Bob Carr: A Fast Friend

Our past two newsletters have profiled Dutch Frank and Hilda Gray: individuals who, like Cabot Yerxa, homesteaded in Desert Hot Springs. Cabot held his “neighbors” in high regard. But his strongest bond was with Bob Carr, with whom he envisioned a “spa city” based on their discovery of hot springs. The following comes from stitched-together excerpts of Cabot’s “On the Desert Since 1913” newspaper columns.

Bob Carr had been reared in the Black Hills of South Dakota, going to a country school for a meager education out of a few schoolbooks. But his real education had come from contact with life itself and very extensive reading of good literature. His father, a frontier doctor, was called from many miles ’round to attend white pioneer settlers for all their physical ills, both natural and accidental. Sioux Indians, too, were given medical care. And often domestic animals were treated.
Bob started under 10 years of age to accompany his father on medical calls. His first practical job was on a country newspaper. He learned to set type and developed a flair and marked ability to write. Setting type taught him spelling and grammar. The Spanish-American War came up and Bob volunteered, serving throughout in the Philippine islands, seeing much actual fighting. He was top sergeant.
On return, he again entered newspaper work. Going east to Chicago, he spent time with some of the big dailies. He tried St. Paul papers for a while, Kansas City, and other places. However, there was an interval when he was publicity man for big meat packers, contacting cattle ranchers of the West in order to have them ship cattle to certain meat packer plants. Eventually, Bob got out to Los Angeles and did a special column under his own name and general reporting for the Los Angeles Evening Herald-Express.
Besides newspaper articles, stories, and novelettes, Bob wrote two published books of poetry dealing with the Western life of pioneer people and Indians.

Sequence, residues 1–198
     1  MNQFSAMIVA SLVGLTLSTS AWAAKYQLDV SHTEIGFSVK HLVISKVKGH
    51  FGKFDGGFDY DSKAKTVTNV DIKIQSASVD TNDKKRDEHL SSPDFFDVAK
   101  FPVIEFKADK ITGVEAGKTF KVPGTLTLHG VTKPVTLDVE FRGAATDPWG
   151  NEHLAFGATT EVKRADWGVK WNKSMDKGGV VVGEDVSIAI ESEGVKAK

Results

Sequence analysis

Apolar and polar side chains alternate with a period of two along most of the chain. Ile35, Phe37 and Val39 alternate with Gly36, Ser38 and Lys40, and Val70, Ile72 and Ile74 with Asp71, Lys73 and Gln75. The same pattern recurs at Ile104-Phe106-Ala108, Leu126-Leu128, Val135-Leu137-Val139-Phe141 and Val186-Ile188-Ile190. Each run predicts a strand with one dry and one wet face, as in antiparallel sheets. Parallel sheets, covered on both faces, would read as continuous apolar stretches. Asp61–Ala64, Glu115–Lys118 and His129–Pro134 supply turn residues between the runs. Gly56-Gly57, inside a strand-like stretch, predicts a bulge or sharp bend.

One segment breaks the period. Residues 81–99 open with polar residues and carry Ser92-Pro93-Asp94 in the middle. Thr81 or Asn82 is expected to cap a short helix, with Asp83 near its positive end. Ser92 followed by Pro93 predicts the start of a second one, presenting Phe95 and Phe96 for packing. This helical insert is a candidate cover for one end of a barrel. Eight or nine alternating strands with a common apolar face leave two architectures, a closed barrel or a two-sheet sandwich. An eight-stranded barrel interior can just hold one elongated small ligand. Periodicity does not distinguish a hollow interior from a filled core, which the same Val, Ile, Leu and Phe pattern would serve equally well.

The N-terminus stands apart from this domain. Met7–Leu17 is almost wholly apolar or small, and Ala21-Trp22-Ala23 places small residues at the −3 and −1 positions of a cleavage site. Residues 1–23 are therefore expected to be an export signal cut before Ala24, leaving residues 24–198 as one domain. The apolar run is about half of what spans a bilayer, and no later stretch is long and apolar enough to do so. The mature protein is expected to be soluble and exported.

Cabot considered Bob’s cabin to be the “most picturesque and attractive” of those on the desert during homesteading days.
The cabin was on a sandy shelf 30 feet above the desert floor, with a clear view to the south and San Jacinto Mountain. On the west was a thick, high bunch of mesquite, which gave ample shade and furnished complete protection from the west wind.
The living room was 10×14 feet. There was a cast-iron stove at the east end and a small sleeping porch at the west end. The only furniture was a plain pine table, with Bob’s typewriter, the only dictionary in the desert, and a few books of synonyms. Three plain wooden chairs and a couple of boxes for extra seats and a pile of mesquite wood for fuel completed the cabin requirements.
Bob and I learned how to witch for water, spending many hours with a witch stick walking over our claims. We started a well on a witched spot 200 feet from Bob’s cabin door, finding good water at 20 feet, and this happily settled his water problem. I too, carried much water from his new well, it being only about a mile walk for me.
Cabot and Bob also cleared circular spaces near the cabin in which a campfire could be safely lit and unaffected by winds.
To these secluded spots we often went for long discussions of outside news which had trickled in to us by mail, sometimes to wonder at the way nature had provided plants, birds, and animals, and other desert things with qualities which made their survival possible in such a land as this. For variation, we talked about books, famous people, historical events, and pages out of history which have changed the course of the world. Sometimes Bob would recount again parts of his past life, which had been very eventful; and on some days, we went over the trials and experiences which had befallen me.
In next week’s newsletter, we’ll share some of Bob Carr’s own writings, including poetry. Meanwhile, why not engage with a friend in a long discussion. Seeing as how it’s August in the desert, you probably won’t want to emulate Cabot and Bob’s practice of chatting by a campfire. But you can talk about the wonders of nature, good books you’ve read, and experiences in your lives. And then you might even envision Cabot and Bob smiling.